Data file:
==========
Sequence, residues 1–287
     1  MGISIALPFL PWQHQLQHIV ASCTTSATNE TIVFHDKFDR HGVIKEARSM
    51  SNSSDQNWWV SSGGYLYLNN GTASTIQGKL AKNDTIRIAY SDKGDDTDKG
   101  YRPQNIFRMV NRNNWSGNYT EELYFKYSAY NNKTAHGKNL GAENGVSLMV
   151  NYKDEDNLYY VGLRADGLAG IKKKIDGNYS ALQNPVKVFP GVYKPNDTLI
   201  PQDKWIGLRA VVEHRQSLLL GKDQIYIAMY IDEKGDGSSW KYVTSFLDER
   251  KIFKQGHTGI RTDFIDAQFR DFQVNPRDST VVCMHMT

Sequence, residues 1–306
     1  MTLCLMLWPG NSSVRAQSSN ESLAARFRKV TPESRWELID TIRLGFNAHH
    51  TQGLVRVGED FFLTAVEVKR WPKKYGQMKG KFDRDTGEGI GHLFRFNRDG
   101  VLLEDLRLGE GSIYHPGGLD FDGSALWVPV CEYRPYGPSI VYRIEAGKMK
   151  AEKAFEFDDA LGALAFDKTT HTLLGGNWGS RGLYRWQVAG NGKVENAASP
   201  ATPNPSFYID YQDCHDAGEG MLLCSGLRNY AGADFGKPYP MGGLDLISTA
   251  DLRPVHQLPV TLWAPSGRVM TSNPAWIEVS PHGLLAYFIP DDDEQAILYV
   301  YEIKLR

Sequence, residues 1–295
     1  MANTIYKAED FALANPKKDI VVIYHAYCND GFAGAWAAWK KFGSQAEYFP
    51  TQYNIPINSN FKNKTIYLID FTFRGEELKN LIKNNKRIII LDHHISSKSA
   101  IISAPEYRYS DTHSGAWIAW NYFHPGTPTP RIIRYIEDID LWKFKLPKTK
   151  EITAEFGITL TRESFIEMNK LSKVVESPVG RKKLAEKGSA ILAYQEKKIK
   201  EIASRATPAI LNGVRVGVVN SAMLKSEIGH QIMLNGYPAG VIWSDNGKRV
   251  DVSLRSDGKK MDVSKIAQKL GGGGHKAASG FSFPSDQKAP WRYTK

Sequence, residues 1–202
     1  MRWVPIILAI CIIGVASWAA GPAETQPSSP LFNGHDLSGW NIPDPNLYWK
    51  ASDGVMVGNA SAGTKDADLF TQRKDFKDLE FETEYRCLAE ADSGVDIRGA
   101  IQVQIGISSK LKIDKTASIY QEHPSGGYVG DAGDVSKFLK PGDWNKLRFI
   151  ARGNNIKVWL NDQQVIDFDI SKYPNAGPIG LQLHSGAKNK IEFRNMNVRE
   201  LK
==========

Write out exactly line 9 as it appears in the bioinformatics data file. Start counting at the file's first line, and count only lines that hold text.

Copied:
     1  MTLCLMLWPG NSSVRAQSSN ESLAARFRKV TPESRWELID TIRLGFNAHH